Research has shown that large visual illusions and an external focus of attention can improve novice’s motor learning. However, the combined effects of these approaches and the underlying mechanisms have yet to be studied. Therefore, the present study examined the effects of a large visual illusion and an external focus on the learning of a dart throwing task in novices and measured the perceptual mechanisms underpinning learning using quiet eye. Forty novice participants were randomly divided into four groups: large visual illusion, external focus of attention, combined large visual illusion and external focus of attention, and control group. The study consisted of a pretest, a practice phase, an immediate retention test, a 24-hr retention test, and a transfer test. Results revealed that all groups increased throwing accuracy and quiet eye duration from pretest to immediate retention. In the immediate retention, 24-hr retention, and transfer test, large visual illusion had greater accuracy and longer quiet eye duration than the control group. In addition, there were no significant differences between the visual illusion and external focus groups for throwing accuracy and quiet eye duration. The findings suggest that combining large visual illusion and external focus can independently improve motor learning but combining these manipulations does not have additive benefits.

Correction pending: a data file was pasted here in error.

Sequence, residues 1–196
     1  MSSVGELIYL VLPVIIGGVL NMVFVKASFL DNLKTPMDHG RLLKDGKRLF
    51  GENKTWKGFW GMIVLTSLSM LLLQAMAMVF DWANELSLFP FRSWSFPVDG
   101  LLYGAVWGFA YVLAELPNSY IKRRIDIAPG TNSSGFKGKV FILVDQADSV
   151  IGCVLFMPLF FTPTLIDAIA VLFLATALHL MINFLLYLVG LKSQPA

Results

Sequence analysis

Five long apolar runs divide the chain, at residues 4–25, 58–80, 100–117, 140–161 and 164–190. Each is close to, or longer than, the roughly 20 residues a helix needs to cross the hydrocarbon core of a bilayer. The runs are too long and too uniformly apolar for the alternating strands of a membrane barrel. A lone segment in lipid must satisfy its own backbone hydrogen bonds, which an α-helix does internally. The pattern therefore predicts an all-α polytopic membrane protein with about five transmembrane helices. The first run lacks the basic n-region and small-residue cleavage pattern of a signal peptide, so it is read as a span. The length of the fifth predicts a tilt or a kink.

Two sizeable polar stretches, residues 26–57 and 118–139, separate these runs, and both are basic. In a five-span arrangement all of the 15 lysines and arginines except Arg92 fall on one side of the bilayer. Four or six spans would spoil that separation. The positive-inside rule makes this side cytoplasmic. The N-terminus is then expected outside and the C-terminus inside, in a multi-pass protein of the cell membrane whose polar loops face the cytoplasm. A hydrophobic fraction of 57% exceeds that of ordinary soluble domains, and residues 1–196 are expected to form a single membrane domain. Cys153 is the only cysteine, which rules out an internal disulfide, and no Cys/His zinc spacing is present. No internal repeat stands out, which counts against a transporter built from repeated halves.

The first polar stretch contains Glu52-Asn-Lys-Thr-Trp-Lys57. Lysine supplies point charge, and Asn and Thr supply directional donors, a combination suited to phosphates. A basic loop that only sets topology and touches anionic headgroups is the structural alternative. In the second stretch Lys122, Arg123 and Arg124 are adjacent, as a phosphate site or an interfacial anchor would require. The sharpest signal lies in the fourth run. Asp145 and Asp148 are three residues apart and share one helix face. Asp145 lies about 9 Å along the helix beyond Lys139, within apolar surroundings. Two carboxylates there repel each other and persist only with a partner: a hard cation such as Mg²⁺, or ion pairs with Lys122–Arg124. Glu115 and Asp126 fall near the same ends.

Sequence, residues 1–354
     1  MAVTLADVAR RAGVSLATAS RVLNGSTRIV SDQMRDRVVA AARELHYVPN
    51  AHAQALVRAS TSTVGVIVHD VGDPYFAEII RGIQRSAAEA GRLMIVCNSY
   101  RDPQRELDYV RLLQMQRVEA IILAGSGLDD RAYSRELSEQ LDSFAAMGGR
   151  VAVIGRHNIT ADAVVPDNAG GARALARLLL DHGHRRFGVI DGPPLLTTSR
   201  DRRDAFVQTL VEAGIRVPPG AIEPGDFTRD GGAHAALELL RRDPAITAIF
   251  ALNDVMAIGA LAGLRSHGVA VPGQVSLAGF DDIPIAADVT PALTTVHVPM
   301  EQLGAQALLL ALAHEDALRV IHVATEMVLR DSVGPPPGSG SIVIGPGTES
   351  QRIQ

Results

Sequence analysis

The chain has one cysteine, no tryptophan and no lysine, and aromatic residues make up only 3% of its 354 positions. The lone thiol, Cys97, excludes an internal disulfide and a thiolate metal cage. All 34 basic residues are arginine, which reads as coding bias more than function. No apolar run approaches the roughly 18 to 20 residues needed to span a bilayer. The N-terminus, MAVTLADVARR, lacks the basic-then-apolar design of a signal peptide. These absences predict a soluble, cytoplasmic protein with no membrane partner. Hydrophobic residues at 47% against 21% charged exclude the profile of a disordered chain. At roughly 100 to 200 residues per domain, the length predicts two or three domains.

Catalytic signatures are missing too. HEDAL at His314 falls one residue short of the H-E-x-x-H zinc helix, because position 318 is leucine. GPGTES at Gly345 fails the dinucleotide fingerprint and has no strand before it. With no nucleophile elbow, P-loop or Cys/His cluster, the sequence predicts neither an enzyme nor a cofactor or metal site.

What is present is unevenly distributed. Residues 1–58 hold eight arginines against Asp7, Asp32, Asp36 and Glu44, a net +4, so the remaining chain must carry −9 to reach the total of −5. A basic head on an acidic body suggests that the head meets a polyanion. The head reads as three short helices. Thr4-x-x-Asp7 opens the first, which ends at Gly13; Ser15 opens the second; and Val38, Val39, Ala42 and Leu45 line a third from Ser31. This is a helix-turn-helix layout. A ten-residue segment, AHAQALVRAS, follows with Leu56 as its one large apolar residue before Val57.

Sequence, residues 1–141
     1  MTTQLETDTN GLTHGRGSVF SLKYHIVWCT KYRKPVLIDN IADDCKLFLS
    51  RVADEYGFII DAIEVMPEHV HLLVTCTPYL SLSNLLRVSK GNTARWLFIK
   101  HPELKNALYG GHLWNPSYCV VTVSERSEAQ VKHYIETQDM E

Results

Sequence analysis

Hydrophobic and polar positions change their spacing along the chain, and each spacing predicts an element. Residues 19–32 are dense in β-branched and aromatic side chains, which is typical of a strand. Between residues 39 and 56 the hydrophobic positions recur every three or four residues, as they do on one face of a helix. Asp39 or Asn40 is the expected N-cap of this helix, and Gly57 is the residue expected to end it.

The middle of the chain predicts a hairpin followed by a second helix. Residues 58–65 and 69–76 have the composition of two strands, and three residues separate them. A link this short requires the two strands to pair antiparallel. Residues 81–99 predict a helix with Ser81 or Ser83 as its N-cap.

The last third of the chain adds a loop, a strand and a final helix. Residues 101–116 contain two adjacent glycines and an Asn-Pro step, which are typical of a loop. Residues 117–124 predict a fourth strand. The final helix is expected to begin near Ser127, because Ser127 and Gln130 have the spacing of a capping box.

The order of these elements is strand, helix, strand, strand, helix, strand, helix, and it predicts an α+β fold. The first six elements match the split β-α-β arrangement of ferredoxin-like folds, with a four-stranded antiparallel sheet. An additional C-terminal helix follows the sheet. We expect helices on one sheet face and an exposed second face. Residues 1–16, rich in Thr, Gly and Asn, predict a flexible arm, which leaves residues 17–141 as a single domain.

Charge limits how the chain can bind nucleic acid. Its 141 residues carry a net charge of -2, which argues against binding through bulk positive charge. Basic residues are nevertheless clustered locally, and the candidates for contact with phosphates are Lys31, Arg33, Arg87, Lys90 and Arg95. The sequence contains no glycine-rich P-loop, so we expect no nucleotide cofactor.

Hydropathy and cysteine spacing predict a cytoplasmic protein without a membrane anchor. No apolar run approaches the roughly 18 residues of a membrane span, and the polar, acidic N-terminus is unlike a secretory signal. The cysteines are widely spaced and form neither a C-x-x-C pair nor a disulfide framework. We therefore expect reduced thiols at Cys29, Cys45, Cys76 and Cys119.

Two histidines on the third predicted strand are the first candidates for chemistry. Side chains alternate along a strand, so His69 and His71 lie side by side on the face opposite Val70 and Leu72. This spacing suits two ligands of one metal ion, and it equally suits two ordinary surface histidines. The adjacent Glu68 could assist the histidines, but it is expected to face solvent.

Maarten A. Immink
Kim Tolentino, Tucker Readdy, and Johannes Raabe
Workaholism (i.e., working excessively and compulsively) is associated with negative physical, psychological, and social consequences. Researchers have previously examined antecedents of workaholism, but the experiences of sport coaches have not yet been investigated. This study explored (a) differences in National Collegiate Athletic Association Division I coaches’ workaholism, as well as need satisfaction and frustration based on gender, coaching role, gender of athletes coached, age, and years of coaching experience; and (b) how coaches’ perceptions of their three basic psychological needs are associated with tendencies to work excessively and compulsively. A total of 873 National Collegiate Athletic Association Division I coaches participated in the research. Data analyses revealed significant differences in participants’ workaholism as well as need satisfaction and frustration. Structural equation modeling indicated a significant relationship between reported levels of workaholism and perceptions of the three needs. Findings illustrate the importance of basic psychological needs in preventing coaches’ workaholism and maintain optimal functioning.